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Documentaries on TV or streaming in spring 2022

Documentaries on TV or streaming in spring 2022
Anthony Bourdain eating ice cream, as seen in Morgan Neville's documentary Roadrunner: A Film About Anthony Bourdain, which will be on CNN in spring 2022 (Image via Focus Features)

While there are many, many reality TV shows and documentary series premiering this spring, broadcast, cable, and streaming services are also bringing us quite a few feature documentaries, on subjects as varied as Anthony Bourdain, Jurassic Park, Freddie Mercury, Cypress Hill, bubonic plague, and animals playing.

This guide includes documentaries that are premiering on broadcast, cable, premium, and streaming TV services, including PBS, HBO, Netflix, Hulu, Discovery+, and Disney+. Some premieres are theatrical films making their television debuts, while others are original to television. For documentaries that premiered before March 1, 2022, and may still be streaming, see the winter 2022 documentary premiere guide.

While I occasionally include multi-part documentaries here, this list generally does not include documentary series, which I define—arbitrarily and imperfectly—as documentaries that have multiple episodes airing over multiple weeks, mirroring episodic television. Those kinds of documentary series will always be listed on my reality TV schedule and guide.

In this guide, all times listed are in ET/PT, and are accurate at the time of publication. I frequently update this list, but since TV networks and streaming services sometimes change their schedules, please check your guide or other TV listings.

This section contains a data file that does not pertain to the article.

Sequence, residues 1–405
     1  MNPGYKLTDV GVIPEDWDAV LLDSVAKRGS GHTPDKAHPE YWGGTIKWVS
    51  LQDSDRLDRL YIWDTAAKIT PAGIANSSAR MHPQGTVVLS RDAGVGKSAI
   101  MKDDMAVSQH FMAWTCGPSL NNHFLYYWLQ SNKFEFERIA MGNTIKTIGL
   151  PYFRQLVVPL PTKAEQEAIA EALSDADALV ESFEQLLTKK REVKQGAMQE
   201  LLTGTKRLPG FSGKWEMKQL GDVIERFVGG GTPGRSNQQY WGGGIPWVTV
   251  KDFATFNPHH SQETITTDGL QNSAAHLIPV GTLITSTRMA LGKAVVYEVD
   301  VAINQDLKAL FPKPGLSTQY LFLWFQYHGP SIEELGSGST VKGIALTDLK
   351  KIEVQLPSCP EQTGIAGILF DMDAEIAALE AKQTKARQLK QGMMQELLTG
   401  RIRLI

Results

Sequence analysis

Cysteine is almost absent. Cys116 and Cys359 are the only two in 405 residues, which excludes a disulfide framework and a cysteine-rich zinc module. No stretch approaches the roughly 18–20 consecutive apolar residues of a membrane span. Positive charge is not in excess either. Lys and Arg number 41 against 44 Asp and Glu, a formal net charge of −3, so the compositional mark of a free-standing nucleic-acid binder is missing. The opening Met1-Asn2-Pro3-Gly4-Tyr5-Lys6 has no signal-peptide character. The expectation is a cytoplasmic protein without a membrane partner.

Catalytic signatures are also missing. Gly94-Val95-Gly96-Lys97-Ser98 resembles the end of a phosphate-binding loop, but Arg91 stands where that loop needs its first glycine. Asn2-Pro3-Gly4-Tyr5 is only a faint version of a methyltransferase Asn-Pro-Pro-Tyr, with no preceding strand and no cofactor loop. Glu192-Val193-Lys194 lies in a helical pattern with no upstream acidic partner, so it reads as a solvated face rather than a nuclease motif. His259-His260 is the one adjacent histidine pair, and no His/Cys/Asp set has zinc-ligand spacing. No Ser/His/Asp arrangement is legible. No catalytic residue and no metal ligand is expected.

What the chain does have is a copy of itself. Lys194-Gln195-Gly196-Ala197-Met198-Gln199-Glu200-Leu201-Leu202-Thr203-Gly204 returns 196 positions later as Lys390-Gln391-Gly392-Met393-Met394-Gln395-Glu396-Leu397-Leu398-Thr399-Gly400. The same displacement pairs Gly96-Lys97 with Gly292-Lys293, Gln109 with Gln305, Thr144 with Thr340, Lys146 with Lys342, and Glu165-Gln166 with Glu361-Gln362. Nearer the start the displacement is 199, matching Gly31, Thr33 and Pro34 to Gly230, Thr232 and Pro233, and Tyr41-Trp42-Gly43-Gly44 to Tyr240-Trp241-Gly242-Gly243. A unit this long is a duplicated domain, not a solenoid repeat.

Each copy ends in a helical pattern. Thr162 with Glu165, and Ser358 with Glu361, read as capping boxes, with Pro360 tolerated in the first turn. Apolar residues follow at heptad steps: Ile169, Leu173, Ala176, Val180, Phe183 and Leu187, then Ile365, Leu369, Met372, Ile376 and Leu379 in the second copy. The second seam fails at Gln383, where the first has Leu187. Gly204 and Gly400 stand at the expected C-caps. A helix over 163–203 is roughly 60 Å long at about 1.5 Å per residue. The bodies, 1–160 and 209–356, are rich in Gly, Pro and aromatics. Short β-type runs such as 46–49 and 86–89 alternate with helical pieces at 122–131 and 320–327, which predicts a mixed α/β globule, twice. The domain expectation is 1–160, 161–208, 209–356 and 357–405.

Program descriptions in quotation marks indicate text that has come directly from network press releases, the show’s website, or other official materials.

I welcome any additions or changes to this list, especially because I want this to be as comprehensive and accurate a list as possible. If you have any updates, additions, or corrections, please e-mail me. Thank you!

Spring 2022 documentary premieres on TV


March | April | May | June


March 2022

The Beauty of Blackness (HBO Max, March 1). “chronicles Fashion Fair, the first cosmetics brand created exclusively for Black women created in 1973 by Eunice Johnson, the co-founder of Ebony and Jet Magazines,” and its “rapid rise to icon status and how the brand surpassed cultural obstacles to overcome beauty standards that previously excluded people of color.”

Pridelands: Wilderness Reborn (Smithsonian, Wednesday, March 2, at 8). “An Australian family goes on an adventure to restore an old hunting ranch in South Africa. Their goal is to rebuild the overgrown habitat, create an eco-tourism ranch, and allow the natural wildlife, including predators, to move back in.”

Gaming Wall St (HBO Max, March 3). Kieran Culkin narrates and “explores the historic short squeeze of GameStop, but ultimately is a deeper dive into the underbelly of Wall Street”